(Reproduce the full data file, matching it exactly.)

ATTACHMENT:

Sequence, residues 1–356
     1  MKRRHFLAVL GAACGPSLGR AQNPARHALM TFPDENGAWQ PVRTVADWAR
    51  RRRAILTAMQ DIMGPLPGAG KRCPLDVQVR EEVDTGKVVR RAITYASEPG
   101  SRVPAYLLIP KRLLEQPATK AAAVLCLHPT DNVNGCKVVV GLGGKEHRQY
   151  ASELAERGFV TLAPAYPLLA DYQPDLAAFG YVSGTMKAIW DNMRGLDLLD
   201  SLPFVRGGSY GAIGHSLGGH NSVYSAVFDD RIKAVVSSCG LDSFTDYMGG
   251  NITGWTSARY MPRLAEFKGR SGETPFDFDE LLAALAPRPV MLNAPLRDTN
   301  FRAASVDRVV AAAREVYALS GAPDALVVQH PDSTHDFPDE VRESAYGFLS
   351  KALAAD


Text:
Sequence, residues 1–356
     1  MKRRHFLAVL GAACGPSLGR AQNPARHALM TFPDENGAWQ PVRTVADWAR
    51  RRRAILTAMQ DIMGPLPGAG KRCPLDVQVR EEVDTGKVVR RAITYASEPG
   101  SRVPAYLLIP KRLLEQPATK AAAVLCLHPT DNVNGCKVVV GLGGKEHRQY
   151  ASELAERGFV TLAPAYPLLA DYQPDLAAFG YVSGTMKAIW DNMRGLDLLD
   201  SLPFVRGGSY GAIGHSLGGH NSVYSAVFDD RIKAVVSSCG LDSFTDYMGG
   251  NITGWTSARY MPRLAEFKGR SGETPFDFDE LLAALAPRPV MLNAPLRDTN
   301  FRAASVDRVV AAAREVYALS GAPDALVVQH PDSTHDFPDE VRESAYGFLS
   351  KALAAD